have more to do with estimation of hospital costs than with demand.49

Demand for Healthcare in Ireland


Some estimate of increasing demand for healthcare in Ireland can be derived from the following data:

• increasing attendance at A&E departments. Since 1988 attendances at A&E have increased by 22%,
during which time the population increased in size by approximately 7% (1988-2000);

• increasing attendances at hospital outpatient departments: In 1980, there were 1.46 million visits
to the outpatient departments of acute hospitals. In 2000 there were approximately 2 million
outpatients visits, an overall increase of 37%, or an average annual increase of 1.8%, during which
period the population increased by 10% (1980-2000);

• increasing day activity: The increase in day activity in Ireland has been dramatic. Since 1980 the
number of day cases has increased from approximately 8,500 to 320,000. There has been a 68%
increase in the number of day cases treated since 1995, an average annual increase of 13.5%;

• inpatient admissions: Taken as a whole inpatient admissions have remained relatively stable over
20 years, despite a 40% reduction in acute hospital beds. This remarkable phenomenon has been
accomplished through a steady reduction in ALOS. There was a 2% increase in inpatient admissions
between 1995 and 2000 despite a slight reduction in bed numbers and bed closures;

• doctor consultations per capita. The OECD has compiled consultation data for member countries
for selected years. The median number of consultations per capita increased by 12% between 1980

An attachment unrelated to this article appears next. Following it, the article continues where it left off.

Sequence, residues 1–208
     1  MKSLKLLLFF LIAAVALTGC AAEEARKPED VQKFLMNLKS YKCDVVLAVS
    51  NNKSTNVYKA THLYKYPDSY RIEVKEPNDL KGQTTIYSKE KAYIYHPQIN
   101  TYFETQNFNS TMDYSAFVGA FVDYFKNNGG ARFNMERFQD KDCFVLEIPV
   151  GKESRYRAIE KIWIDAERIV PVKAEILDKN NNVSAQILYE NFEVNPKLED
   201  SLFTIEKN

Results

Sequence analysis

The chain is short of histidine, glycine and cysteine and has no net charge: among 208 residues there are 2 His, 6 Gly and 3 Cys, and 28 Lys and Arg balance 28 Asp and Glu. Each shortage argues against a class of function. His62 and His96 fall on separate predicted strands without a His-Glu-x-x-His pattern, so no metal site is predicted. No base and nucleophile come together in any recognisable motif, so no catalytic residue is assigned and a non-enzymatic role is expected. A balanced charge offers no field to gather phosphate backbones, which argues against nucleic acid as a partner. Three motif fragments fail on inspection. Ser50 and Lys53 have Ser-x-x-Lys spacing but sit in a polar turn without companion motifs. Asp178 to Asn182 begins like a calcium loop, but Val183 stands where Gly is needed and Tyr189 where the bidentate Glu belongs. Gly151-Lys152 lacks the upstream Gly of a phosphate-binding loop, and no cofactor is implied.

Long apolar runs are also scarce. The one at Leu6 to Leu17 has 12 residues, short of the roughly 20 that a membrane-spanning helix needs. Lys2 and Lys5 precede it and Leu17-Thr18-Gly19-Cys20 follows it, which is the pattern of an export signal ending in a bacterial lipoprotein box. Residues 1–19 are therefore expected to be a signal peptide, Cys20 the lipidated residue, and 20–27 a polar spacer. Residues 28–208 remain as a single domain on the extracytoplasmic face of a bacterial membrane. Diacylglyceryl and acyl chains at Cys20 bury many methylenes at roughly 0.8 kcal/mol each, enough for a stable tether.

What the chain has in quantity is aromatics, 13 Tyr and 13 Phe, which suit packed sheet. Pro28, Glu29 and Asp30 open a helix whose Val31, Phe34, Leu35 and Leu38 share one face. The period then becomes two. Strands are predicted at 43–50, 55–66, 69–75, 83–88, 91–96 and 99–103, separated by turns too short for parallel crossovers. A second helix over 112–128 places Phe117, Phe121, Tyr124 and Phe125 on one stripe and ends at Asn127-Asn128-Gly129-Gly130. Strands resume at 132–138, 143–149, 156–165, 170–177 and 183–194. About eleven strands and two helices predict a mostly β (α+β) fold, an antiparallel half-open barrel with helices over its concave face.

and 1996, or an average annual increase of 0.7%.19

Between 1980 and 2000 the population of Ireland increased by an average of 0.5% per annum. Clearly,
with the exception of inpatient admissions, other hospital and healthcare activity has increased
significantly beyond that which might be expected due to population growth alone.

Estimation of Impact on Bed Need


The objective of this exercise is to estimate the impact of increasing demand for hospital care in Ireland
over the next decade. Planners differ in their assumptions about future growth in demand. Some
assume increases in demand in excess of those suggested by population growth. Others ignore these
exogenous factors, and in a few cases assumptions have been made that demand may be reduced.31

The Health Care Advisory Board regard a conservative estimate of increasing demand as that due to
demographic changes alone. In the USA this has been estimated as being 1.6% per annum from 2000-
2006. A moderate increase in demand of 3.5% per annum includes that due to demographic change
(1.6% per annum) and factors such as those outlined above (1.9% per annum). In a review of bed
capacity carried out by the ERHA an estimate of demand of 0.5% per annum was used.

65
A National Review

For the purposes of this exercise, supported by the activity data outlined, an estimated increase in
Acute Hospital Bed Capacity

demand of 1% per annum has been selected. Over 10 years to 2011, this represents a compound total
adjustment of 10.46% to existing bed complement. The assumption is that demand increases in a linear
fashion over the decade. This may not be the case if, for example, there is a significant change in the
economy, or a significant advance in an area of medicine likely to result in a sudden increase in
demand.

Figure 6.3: Estimated Impact of Demand for Healthcare on Bed Need

Step 1 Review of the evidence pertaining to increased demand for healthcare

Step 2 1% per annum increase in demand = 10.46% cumulative increase over 10 years

Step 3 Applied to the existing bed complement (11,832) corrected for current occupancy levels in
the major hospitals (+ 883)

Estimate of Impact Approximately 1,330 beds required

Conclusion
It is estimated that an additional 1330 beds are required, over and above those required due to
projected demographic change, to accommodate increasing demand for healthcare over the coming